Human, nonhuman animal and ecological health are inextricably linked. Because we live with, and rely on, animals, decisions about how to manage the risks of animal disease and ecological change have important socioeconomic, political and ethical implications. One Health has emerged as a holistic approach to the threats posed to human health by other species and our shared environment. How we understand and seek to manage our relationship with the natural world effects social and economic inequities and the distribution of benefits and burdens between humans and other species.
Emerging infectious diseases (EIDs) are a significant risk to our region. One Health approaches to EIDs emphasize connections between human, nonhuman animal and ecological health, enhancing capacity for disease prediction and intervention. Funded by the Australian National Health and Medical Research Council (NHMRC), we are currently conducting empirical and theoretical work to develop a better understanding of the potential benefits and burdens of new ‘One Health’ models for the governance of the human-animal-ecosystem interface.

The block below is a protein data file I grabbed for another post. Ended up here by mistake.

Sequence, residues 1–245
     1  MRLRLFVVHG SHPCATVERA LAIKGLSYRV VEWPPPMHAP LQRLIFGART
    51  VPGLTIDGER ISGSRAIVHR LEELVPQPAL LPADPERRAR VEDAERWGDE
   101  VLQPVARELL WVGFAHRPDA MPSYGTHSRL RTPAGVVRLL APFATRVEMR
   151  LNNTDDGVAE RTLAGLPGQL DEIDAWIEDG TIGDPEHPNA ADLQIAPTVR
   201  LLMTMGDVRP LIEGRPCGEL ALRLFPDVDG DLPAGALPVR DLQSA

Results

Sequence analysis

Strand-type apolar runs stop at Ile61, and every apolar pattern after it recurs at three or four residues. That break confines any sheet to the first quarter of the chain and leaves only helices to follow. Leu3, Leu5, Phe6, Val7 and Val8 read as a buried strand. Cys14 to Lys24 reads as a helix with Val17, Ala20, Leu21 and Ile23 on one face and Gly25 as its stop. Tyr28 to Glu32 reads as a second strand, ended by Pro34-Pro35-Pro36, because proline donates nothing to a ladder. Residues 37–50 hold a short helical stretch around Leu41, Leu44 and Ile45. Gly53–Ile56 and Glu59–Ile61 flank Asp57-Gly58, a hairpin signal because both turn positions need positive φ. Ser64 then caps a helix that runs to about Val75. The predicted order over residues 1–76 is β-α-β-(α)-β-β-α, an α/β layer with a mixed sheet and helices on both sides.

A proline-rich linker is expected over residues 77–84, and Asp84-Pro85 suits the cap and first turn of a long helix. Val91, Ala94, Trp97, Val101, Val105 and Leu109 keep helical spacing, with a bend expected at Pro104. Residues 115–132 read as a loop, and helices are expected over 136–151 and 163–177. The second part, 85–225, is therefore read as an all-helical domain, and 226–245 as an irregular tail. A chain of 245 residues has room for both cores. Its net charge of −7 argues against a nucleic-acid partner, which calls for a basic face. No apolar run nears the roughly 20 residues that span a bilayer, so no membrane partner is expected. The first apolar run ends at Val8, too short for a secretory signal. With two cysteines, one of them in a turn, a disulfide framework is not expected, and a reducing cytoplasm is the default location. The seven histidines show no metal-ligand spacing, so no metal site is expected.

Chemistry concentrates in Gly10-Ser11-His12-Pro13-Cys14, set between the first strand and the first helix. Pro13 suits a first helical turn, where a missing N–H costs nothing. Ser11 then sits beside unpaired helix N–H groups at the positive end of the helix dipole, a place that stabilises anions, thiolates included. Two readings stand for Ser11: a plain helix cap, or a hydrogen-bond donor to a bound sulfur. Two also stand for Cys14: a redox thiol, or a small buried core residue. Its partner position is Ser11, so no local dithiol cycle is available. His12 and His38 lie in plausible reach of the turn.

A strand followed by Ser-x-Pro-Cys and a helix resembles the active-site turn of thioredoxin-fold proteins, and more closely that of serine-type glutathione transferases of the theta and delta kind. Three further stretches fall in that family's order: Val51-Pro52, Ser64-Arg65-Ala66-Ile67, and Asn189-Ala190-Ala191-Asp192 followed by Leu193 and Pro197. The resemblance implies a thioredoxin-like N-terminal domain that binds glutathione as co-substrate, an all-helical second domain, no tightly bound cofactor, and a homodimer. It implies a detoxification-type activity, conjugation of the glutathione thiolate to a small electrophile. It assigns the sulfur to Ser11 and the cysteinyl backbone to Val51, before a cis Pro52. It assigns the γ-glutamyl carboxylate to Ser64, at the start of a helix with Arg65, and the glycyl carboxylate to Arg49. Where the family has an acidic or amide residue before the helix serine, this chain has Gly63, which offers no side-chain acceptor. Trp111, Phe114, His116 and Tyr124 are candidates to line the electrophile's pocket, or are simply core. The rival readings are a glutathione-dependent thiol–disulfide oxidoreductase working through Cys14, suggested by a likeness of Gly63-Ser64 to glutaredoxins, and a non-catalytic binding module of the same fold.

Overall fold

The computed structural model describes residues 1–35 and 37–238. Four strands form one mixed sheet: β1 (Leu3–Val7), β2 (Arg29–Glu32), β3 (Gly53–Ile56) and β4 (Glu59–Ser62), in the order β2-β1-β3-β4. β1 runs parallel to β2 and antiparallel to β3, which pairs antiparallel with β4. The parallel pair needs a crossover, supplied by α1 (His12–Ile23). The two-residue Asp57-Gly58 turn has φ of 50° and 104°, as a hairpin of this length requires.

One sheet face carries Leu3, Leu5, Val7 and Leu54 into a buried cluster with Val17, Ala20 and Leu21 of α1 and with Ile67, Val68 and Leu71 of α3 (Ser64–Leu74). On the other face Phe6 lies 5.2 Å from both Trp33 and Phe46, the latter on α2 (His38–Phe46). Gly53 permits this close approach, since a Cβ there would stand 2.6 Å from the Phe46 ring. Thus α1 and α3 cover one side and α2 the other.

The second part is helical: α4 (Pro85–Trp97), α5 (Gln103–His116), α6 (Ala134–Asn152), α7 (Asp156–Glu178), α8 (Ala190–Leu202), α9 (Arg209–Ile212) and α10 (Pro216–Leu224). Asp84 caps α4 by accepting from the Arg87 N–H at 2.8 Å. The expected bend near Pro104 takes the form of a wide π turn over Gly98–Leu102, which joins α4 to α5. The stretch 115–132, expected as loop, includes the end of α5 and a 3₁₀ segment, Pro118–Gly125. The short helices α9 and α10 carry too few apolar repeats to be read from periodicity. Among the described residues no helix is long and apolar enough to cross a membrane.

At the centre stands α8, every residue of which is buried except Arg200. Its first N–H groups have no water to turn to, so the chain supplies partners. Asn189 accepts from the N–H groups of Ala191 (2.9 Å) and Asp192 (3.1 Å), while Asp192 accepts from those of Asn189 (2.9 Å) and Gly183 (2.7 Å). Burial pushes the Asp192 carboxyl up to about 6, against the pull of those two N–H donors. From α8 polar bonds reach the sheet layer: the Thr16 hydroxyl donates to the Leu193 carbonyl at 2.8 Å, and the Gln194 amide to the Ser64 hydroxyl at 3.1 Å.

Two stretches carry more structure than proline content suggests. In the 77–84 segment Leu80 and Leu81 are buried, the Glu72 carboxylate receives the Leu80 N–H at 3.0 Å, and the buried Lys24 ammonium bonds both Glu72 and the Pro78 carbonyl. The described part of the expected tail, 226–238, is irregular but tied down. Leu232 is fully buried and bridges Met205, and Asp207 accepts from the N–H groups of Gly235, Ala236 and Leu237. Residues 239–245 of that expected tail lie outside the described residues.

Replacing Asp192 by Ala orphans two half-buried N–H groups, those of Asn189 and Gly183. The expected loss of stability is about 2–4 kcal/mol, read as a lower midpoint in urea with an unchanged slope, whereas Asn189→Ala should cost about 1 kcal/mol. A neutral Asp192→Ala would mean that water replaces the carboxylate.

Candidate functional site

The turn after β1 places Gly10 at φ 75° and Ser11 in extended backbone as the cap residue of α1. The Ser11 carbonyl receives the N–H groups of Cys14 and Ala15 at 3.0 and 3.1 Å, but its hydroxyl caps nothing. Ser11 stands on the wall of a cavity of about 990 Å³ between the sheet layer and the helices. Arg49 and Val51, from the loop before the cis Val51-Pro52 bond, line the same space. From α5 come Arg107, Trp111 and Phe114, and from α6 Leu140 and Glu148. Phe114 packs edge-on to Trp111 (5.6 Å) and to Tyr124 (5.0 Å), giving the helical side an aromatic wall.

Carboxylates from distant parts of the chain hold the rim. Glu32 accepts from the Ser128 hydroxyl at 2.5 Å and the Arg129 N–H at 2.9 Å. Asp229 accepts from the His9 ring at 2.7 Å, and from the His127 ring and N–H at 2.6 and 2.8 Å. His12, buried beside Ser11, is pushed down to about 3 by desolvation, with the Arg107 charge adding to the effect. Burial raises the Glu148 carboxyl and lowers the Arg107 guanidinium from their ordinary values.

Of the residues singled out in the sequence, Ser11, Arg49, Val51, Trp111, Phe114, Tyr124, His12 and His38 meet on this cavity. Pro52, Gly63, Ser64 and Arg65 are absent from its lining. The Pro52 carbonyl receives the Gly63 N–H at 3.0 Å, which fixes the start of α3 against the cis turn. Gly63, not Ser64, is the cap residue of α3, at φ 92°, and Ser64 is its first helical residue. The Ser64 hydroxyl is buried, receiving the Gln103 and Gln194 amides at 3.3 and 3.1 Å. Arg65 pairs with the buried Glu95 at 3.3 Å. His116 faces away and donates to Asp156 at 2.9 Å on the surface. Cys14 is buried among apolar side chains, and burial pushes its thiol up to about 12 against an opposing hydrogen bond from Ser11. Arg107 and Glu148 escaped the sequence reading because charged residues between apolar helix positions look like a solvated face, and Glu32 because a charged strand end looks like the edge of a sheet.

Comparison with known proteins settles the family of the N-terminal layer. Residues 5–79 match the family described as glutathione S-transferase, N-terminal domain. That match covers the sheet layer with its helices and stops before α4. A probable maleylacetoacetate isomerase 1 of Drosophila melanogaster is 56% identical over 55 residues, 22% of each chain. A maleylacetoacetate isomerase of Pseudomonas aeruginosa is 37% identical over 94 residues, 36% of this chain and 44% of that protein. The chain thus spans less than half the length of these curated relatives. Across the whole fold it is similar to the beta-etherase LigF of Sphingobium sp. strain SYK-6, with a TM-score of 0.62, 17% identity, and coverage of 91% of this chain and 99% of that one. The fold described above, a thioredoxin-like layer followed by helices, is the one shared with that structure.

This study is approved by The University of Sydney Human Research Ethics Committee [Approval Number: 2015/009] and is supported by the Australian National Health and Medical Research Council [NHMRC – Grant 1083079].
Images used on this site are sourced from Wiki commons. They are: “Dingoes feeding on a cattle carcass” by CSIRO, “Greyman cattle” by Cgoodwin, “Hens DSC00365” by David Monniaux, “Numurkah_flying_foxes.007” by Terra, “Wild_ducks_in_Ryckevelde” by Michiel Dumon, “Wind farm” by David Clarke [Public domain], “MRSA Brown” by via Wikimedia Commons.